> Diabetes Research > Study Finds Vitamin D May Cut Diabetes Risk in Kids

Study Finds Vitamin D May Cut Diabetes Risk in Kids

Giving young children vitamin D supplements may lower their risk of developing type 1 diabetes in later life, according to a tem of researchers from St. Mary’s Hospital for Women and Children in Manchester, England.

The study, published in the journal Archives of Disease in Childhood, found that children who took vitamin D supplements were around 30% less likely to develop diabetes than those who did not.

Study results were from a pooled data from five studies which examinied the effect of vitamin D supplementation. Results further showed that intake of vitamin D supplements not only lowered the risk of developing diabetes, but that the effect was dose=-dependent– with higher and more regular vitamin D supplement doses lowering the likelihood of developing the disease better.

Previous studies have associated lower concentrations of vitamin D with the development of new-onset diabetes. Some studies have even found a connection between low exposure to sunlight with diabetes prevalence. Low levels of vitamin D and sunlight exposure have also been linked to other autoimmune diseases such as multiple sclerosis and rheumatoid arthritis. Vitamin D is also though to help keep the immune system healthy and may also protect cells from damage due to the chemicals that control inflammation.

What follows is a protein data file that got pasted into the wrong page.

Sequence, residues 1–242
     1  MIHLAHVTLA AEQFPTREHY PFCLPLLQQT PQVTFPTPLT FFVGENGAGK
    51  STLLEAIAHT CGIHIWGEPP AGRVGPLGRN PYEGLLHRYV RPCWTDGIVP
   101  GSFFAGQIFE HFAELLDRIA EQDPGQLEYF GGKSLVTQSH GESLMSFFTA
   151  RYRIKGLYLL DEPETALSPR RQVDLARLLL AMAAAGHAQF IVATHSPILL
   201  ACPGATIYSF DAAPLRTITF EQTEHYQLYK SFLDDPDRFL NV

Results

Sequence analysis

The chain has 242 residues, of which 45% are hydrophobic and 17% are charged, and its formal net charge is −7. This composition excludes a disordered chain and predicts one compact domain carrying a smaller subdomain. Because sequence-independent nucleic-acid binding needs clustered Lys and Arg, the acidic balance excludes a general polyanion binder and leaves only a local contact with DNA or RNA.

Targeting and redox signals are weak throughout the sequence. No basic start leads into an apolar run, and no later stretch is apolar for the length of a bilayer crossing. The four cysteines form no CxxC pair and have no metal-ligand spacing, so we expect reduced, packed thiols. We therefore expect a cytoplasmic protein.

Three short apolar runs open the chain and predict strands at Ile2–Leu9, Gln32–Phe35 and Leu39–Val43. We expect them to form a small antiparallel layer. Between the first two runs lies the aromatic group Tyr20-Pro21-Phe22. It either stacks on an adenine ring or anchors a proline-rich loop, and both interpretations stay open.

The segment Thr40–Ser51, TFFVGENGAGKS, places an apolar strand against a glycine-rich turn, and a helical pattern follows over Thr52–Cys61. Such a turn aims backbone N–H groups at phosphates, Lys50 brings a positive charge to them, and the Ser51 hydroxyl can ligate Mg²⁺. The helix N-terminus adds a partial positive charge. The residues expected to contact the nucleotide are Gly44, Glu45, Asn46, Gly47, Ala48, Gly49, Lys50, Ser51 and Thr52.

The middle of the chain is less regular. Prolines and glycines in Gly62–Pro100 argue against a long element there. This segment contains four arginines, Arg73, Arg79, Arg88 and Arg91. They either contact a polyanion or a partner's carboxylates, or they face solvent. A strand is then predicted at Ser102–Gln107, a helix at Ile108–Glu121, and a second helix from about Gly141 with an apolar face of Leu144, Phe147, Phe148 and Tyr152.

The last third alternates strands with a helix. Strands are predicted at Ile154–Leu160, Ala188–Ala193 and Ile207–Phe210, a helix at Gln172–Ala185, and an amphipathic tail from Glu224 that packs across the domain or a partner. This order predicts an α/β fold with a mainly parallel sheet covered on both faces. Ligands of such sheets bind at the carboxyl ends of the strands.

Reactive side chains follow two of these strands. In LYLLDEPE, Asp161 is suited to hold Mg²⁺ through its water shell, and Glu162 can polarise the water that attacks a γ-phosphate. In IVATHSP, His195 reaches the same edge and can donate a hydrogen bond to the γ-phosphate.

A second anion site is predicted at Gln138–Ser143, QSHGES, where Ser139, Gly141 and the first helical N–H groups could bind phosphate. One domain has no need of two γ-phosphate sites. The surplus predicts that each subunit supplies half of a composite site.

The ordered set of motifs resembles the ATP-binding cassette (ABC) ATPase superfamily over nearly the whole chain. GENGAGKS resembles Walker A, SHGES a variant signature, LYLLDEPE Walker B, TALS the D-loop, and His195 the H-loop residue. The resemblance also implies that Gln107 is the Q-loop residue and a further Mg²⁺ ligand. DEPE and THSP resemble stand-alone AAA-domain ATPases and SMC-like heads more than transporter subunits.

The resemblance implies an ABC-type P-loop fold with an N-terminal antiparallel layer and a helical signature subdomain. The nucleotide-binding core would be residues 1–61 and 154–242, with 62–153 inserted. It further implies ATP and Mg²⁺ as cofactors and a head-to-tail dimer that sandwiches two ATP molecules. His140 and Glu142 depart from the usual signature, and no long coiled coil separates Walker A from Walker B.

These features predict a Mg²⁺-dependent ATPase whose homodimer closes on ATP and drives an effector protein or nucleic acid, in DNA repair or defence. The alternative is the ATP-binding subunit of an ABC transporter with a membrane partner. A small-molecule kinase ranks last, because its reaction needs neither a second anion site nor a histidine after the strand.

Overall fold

However, experts call for more extensive research before arriving at a concfrete association between vitamin D and type 1 diabetes, in particular, controlled trials that would compare the results between two grops of people where one group is given vitamin D supplementation and the other group is not given supplementation.

Because of the results of the said study, UK government experts suggested vitamin D supplementation for the first 2 years of a child’s life, while the Chief Medical Officers for England recommended enough vitamin D suplements for the first 5 years of life.

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